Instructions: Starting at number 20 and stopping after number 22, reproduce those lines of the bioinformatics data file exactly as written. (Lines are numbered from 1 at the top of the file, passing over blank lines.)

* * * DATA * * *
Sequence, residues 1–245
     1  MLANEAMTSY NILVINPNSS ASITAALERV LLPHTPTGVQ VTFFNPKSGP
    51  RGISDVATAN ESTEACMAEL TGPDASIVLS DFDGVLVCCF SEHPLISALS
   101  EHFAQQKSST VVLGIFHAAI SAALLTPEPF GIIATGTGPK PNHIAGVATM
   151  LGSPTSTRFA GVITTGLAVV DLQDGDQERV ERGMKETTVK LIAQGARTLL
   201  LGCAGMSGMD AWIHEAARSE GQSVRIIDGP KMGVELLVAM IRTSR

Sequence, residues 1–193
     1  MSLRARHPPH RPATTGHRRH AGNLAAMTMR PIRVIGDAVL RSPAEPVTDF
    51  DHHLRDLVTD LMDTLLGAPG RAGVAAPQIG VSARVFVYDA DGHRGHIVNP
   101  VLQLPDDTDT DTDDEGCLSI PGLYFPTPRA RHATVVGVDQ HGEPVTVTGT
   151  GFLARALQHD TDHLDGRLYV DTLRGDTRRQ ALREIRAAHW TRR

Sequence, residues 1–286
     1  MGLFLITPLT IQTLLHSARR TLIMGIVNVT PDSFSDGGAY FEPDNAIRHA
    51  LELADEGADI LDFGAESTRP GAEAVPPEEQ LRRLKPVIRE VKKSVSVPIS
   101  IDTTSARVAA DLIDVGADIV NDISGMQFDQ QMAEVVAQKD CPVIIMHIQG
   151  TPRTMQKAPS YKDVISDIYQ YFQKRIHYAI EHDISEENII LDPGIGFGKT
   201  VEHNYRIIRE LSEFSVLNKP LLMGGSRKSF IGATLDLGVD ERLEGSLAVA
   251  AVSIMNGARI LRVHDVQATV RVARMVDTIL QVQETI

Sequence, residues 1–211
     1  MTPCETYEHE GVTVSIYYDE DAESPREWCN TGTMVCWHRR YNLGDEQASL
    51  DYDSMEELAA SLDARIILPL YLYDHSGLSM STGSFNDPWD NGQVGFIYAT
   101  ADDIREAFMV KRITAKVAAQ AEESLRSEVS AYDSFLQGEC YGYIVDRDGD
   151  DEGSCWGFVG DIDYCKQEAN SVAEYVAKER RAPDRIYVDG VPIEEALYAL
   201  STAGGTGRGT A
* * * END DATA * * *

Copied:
     1  MTPCETYEHE GVTVSIYYDE DAESPREWCN TGTMVCWHRR YNLGDEQASL
    51  DYDSMEELAA SLDARIILPL YLYDHSGLSM STGSFNDPWD NGQVGFIYAT
   101  ADDIREAFMV KRITAKVAAQ AEESLRSEVS AYDSFLQGEC YGYIVDRDGD